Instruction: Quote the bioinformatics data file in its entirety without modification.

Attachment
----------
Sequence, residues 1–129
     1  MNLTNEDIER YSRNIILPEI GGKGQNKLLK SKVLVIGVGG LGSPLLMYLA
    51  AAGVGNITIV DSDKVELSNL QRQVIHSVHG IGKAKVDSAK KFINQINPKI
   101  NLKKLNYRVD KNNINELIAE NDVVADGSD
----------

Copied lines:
Sequence, residues 1–129
     1  MNLTNEDIER YSRNIILPEI GGKGQNKLLK SKVLVIGVGG LGSPLLMYLA
    51  AAGVGNITIV DSDKVELSNL QRQVIHSVHG IGKAKVDSAK KFINQINPKI
   101  NLKKLNYRVD KNNINELIAE NDVVADGSD